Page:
I found a Motorola Razr (at the time, a new and very expensive phone) from NTT DoCoMo, a Japanese phone company, that had the right kind of compatibility to work on the North American cell phone network, but retained a Japanese phone number and had an international roaming plan.

I went out of my way to find the worst possible plan, and calling the phone would have incurred TWO-WAY international long distance calling, plus the per-minute international roaming fees and all that, and based on some quick math it would have cost them over $5 per minute in total to call me.

A day or two after the meeting with my boss and the HR lady, I requested the follow-up and presented the phone and plan I had picked out. It was clear from the body language that they couldn’t tell if I was kidding or not.

The HR lady finally realized I was dead serious, and asked why I picked something so expensive.

I said with complete honesty “I find it almost offensive that you want me to be theoretically on-call for an unlimited amount of time outside of the office, potentially disrupting literally everything I do outside of work hours, but weren’t willing to offer me even one penny in compensation. Well, if someone wants to call me for support after hours, somebody somewhere is going to pay for that call .. one way or another …”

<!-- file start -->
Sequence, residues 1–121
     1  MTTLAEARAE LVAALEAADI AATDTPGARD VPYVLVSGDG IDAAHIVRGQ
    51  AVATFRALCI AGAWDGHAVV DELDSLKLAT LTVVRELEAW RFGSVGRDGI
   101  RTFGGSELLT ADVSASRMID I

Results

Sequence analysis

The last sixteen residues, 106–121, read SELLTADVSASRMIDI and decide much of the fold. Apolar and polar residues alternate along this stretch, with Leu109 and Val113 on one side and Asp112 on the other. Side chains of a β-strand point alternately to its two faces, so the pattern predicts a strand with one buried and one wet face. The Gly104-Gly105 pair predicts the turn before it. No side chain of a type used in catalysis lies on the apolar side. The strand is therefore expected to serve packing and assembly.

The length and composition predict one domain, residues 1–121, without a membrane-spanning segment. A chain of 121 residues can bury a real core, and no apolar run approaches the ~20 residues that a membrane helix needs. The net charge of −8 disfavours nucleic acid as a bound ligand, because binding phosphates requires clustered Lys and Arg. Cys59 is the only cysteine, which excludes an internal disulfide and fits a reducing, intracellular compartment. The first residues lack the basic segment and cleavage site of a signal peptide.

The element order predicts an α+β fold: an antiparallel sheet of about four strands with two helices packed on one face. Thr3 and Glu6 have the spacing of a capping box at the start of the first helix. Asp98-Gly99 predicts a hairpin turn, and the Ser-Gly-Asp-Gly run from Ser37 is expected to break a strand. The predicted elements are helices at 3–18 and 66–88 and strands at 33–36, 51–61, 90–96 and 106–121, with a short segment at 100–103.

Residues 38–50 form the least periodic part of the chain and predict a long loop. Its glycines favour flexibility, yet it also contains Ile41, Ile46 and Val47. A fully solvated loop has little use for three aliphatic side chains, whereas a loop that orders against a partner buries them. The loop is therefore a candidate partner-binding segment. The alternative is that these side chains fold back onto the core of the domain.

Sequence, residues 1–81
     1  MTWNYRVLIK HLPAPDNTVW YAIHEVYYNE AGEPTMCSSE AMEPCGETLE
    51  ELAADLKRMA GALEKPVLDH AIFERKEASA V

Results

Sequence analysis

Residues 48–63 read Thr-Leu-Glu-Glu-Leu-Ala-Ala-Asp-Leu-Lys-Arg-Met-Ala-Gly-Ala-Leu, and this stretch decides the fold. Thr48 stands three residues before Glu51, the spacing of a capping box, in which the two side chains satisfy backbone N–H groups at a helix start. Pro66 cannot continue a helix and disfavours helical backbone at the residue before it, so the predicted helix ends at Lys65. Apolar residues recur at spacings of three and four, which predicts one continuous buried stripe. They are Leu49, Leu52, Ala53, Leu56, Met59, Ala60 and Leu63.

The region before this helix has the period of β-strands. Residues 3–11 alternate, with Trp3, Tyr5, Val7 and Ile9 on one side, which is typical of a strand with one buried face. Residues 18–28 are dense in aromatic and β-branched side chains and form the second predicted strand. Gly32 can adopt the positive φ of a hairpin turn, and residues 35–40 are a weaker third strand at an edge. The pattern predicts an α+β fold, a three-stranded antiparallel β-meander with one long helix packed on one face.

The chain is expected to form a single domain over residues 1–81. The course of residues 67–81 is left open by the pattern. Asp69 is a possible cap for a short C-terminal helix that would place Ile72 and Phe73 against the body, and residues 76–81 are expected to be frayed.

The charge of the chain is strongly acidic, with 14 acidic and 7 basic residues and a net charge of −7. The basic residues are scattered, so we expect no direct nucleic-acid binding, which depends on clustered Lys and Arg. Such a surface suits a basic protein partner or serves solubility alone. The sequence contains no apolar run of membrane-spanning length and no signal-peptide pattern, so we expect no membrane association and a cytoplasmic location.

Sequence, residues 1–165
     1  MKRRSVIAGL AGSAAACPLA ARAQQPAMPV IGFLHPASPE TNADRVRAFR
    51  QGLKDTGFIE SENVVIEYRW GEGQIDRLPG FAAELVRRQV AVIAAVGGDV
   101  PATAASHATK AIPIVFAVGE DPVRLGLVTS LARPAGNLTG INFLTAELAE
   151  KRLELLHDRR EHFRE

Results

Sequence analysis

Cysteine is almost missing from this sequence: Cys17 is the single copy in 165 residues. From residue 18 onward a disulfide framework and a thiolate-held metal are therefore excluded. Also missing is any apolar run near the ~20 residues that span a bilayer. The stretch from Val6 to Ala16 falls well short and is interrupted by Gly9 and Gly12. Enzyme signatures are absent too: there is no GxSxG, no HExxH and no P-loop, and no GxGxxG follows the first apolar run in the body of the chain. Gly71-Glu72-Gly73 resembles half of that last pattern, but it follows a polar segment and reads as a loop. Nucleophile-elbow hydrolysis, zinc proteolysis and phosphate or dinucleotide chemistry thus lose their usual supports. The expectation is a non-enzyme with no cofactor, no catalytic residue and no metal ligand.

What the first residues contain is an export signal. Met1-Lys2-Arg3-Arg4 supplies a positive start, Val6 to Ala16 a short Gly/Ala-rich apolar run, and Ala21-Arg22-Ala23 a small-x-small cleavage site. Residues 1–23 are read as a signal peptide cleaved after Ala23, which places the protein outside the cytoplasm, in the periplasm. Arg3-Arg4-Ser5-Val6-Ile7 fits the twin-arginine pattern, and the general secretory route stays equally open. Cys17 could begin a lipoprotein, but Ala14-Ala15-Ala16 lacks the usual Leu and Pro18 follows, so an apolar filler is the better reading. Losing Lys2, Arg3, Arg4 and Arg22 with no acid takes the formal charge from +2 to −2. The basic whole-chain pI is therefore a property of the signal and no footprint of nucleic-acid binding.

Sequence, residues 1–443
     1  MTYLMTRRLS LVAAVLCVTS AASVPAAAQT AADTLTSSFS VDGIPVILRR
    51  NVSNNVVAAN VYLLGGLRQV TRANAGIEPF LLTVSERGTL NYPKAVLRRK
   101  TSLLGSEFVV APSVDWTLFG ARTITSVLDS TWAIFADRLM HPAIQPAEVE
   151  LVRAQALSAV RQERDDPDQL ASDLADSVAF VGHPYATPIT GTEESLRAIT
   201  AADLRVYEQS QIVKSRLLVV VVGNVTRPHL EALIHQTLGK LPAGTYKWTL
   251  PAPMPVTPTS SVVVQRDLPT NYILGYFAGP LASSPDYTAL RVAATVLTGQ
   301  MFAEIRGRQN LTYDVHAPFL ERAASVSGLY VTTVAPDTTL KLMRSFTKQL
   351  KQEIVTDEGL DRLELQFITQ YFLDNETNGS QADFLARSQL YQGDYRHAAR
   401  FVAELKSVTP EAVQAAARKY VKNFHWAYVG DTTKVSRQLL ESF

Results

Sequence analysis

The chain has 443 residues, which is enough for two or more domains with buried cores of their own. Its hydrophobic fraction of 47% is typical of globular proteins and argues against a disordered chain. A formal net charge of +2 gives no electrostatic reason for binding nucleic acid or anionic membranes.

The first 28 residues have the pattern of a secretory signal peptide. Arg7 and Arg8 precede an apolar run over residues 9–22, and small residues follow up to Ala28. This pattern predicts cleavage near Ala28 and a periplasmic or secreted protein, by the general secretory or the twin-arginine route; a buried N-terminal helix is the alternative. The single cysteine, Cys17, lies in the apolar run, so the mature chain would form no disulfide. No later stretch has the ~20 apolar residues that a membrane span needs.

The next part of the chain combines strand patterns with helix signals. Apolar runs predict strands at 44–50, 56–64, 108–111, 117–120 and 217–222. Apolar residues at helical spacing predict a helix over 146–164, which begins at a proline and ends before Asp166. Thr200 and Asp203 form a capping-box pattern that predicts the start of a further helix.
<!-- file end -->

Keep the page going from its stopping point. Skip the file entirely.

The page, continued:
They never asked him to get a company cell phone again.

The top comment is loving the power move.

Source: Reddit/AITA

It’s on the same level.

Source: Reddit/AITA

This is another way to manage it.

Source: Reddit/AITA

Some parts are boring, but policy manuals can also be downright fascinating.

Source: Reddit/AITA

I wouldn’t be answering my cell phone then.

Source: Reddit/AITA

The absolute gall of some employers.

Who would agree to work for free?

If you liked that post, check out this one about an employee that got revenge on HR when they refused to reimburse his travel.